Dave Duncan said:The notion that we will run out out of petroleum may seem
logical, but it isn't supported by the facts. The known reserves of
petroleum keep growing--and at a faster rate than consumption. Complete nonsense!Not supported by facts.Is this the God will make
more, plan B.Suddenly those who couldn't care less about nature
are worried about the birds, well cats triple those deaths, and you didn't
A Billion dollars! What a waste! It could be put to much better use, like say,
what Pat Boones has put his name to, invest in developing Nuclear Fusion, a real
clean energy that has exception potential. Or not used at all. The green
movement is a religious cult, and should be viewed as such. They acknowledge
the earth is billions of years old and that man time the last million. In all
that time prior to man’s existence, there have been polar shifts, Ice
ages, a periods when the earth was almost entirely a green, having, if any,
polar ice caps, due to cyclic changes caused from several causes, sun spots,
storms, asteroids, volcanic , whatever, now the cultist are ignoring all that,
get mad if you bring it up. In Support of their tenets, these so-called
scientists (getting Government grants) have fabricated and rigged data (they
were caught, such as putting data gathering stations not in the open fields,
but on black top parking lots, against darker red brick buildings to rig /pad
the data, so it can be claimed.
SolutionI say we get all the Environmentalists together along with
all the Liberal Politicians, and we'll be able to provide enough Methane
Gas to Power all "Dirty Power Plants", No Fossil Fuels Used!
Onion DazeThe caption you quoted from Robert Bennett's article:
"...lying---when you do it, go big---because it is easier to sell outrageous
falsehoods than it is small ones." literally works on both sides of the
spectrum. It has been so successful with the current Presidential
Administration and the EPA.
So Joe, we did build a "renewable" solar plant here in California.
It's called the Ivanpah plant near Primm Nevada. Your type are now whining
because birds get fried by the heat generated. You're never happy. I
suggest you people in Utah elect officials in Utah that will fight for coal and
jobs. As for us in California, forget it. We're a lost cause.
Bricha,The notion that we will run out out of petroleum may seem
logical, but it isn't supported by the facts. The known reserves of
petroleum keep growing--and at a faster rate than consumption. We
find it in new places. New technologies help us find more in old places, and
help us harvest more from existing reserves, and old reserves that used to be
considered "depleted". Sure, we MAY run out in hundreds or
thousands of years. But that's a lot of time to figure out economical
replacement sources of energy. The "sky is falling" mantra of many
environmental extremists is just not justified. We have time to figure this out.
@itsjustme - California's been buying power from and building plants in
Utah for decades. Building costs in California are (conservatively) twice what
they are in Utah, and environmental regulations there are a nightmare! Plus,
Utah has an abundance of coal and so it's cheaper to send trains here than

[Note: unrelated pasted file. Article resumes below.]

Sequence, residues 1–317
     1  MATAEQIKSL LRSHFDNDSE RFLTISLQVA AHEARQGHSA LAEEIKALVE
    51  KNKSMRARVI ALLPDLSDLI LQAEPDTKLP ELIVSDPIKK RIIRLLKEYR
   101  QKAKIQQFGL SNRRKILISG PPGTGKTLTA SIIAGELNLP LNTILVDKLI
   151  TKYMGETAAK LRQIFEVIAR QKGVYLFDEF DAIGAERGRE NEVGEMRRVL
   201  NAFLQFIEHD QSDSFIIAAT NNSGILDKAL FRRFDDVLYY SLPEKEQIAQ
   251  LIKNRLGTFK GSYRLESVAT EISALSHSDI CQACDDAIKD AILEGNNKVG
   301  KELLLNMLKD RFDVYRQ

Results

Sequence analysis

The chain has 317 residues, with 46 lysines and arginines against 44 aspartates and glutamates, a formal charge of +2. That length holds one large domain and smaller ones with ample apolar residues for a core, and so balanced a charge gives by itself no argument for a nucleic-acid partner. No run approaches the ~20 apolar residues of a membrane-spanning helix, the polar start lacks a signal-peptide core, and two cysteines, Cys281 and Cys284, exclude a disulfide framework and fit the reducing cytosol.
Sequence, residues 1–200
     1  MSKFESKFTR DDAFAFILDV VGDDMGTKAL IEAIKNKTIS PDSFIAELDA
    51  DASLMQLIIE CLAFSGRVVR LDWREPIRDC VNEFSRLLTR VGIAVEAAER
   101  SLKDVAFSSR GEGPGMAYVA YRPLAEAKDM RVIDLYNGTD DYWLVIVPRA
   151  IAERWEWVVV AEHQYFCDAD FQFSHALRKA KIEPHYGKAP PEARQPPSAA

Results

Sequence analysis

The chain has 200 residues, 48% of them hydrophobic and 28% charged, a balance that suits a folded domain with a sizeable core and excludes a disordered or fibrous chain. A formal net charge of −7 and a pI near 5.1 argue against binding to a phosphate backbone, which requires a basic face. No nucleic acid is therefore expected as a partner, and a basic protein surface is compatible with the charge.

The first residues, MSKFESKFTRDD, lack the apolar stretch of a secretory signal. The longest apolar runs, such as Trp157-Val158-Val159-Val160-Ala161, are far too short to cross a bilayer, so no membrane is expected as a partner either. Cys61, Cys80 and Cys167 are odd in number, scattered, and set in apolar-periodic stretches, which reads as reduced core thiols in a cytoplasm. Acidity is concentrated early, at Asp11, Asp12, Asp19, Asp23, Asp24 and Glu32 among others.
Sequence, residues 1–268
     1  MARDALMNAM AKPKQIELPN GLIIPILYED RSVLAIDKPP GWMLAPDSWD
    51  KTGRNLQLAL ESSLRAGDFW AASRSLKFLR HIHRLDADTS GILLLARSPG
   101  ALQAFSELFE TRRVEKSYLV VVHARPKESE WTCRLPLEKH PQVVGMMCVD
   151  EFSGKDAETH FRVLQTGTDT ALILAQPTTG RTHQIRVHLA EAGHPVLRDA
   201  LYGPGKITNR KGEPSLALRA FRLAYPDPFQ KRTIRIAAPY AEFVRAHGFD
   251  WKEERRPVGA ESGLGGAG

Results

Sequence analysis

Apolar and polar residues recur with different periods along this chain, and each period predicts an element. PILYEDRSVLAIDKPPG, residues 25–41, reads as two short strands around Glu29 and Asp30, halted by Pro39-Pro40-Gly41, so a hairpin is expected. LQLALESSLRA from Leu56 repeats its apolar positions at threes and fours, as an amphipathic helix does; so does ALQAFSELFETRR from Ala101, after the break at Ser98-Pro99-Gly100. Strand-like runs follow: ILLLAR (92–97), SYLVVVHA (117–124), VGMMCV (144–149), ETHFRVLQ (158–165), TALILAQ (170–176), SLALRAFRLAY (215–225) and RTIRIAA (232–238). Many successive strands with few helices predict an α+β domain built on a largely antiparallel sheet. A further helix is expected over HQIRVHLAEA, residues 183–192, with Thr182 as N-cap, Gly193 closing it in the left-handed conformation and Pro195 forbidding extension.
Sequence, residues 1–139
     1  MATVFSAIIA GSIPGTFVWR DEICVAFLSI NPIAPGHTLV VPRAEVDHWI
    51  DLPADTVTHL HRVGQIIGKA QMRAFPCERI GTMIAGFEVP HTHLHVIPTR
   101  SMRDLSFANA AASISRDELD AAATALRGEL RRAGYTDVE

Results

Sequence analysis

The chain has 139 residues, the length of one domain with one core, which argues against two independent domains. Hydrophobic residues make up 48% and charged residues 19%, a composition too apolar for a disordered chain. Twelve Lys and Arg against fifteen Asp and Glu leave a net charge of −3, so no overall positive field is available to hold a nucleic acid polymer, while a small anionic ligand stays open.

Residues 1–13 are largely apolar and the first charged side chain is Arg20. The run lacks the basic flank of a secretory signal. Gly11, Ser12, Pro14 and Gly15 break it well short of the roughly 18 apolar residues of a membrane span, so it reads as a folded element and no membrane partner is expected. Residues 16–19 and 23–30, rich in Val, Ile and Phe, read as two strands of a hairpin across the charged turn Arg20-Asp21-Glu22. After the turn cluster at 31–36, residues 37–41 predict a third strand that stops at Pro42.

it is all the way to California.
Coal is a very dirty fuel. Period. The sooner we transform Utah's energy
economy away from coal - and then later away from all fossil fuels - the better.
Our leaders should be out in front, advocating and facilitating the
transformation.California - and Utah - don't want
coal-generated electricity; they don't even want natural gas - generated
electricity. We all want truly renewably-generated electricity. So let's
get on with it. Elect officials who understand this and have the
brains and guts to help their communities transform. Where are the state and
county incentives and initiatives to wean us out of a coal-based economy?Utah's current elected officials are still wistfully gazing at the
19th century - rather than accepting they are now in the 21st. If they
can't adapt, unelect them - and elect those who can.
I like the idea of the coal plants being turned into natural gas. I do worry
about the people who will lose their jobs. I was in Orangeville when the mine
exploded. It was a terrible time. I've never been fond of mining
underground since then, but must admit they have made great progress, it appears
that mining has become safer, still accidents can happen.
I've read that Utah and the intermountain states have enough coal reserves
to last for triple-digit years at current usage rates. As such, there is no
imminent need to immediately start changing everything. In the meantime,
it's very possible and most likely that technology advances will continue
to allow for even cleaner and more efficient processing of those fossil fuels.
Of course, the very idea of using fossil fuels is a total turnoff to
many environmental groups, no matter how efficiently they can be produced and
processed. With those ideas in mind, "Samhill" makes some very good
points with regards to scientific honesty and objectivity.We
shouldn't let allow current political correctness and whims (which are
often not scientific driven and tend to continually change with the political
winds) direct too many of those long-term intra-state decisions, especially when
driven by out-of-state groups. Decisions under those conditions often lead to
The one thing that I loved about the IPP Power Plant was it never put out smoke.
In the picture you see, that is not smoke - it is steam. The air was always
clean in the Delta Valley - no pollution hung in the air. IPP was built with
strict cleaning systems that remove pollutants and is one of the cleanest coal
fired plants in the world. If there is ever an earthquake there won't be
nuclear products released into our surrounding community. The plant can be shut
down and not continue to pollute the water and area like a nuclear plant does.
If a retrofit is done, I would hope it is done saving at least one portion to
still run on coal in case of any kind of emergencies where natural gas may be
lost for a period of time.
Robert Bennett's article today included the following statement taken
perhaps out of context."...lying---when you do it, go
big---because it is easier to sell outrageous falsehoods than it is small
ones."The above certainly has application to the following
posted statement."California is failing, and they are trying to
take everyone else down with them."I had no idea that there are
millions of California citizens who desire "to take everyone else down with
It's a bit disconcerting that California builds a power plant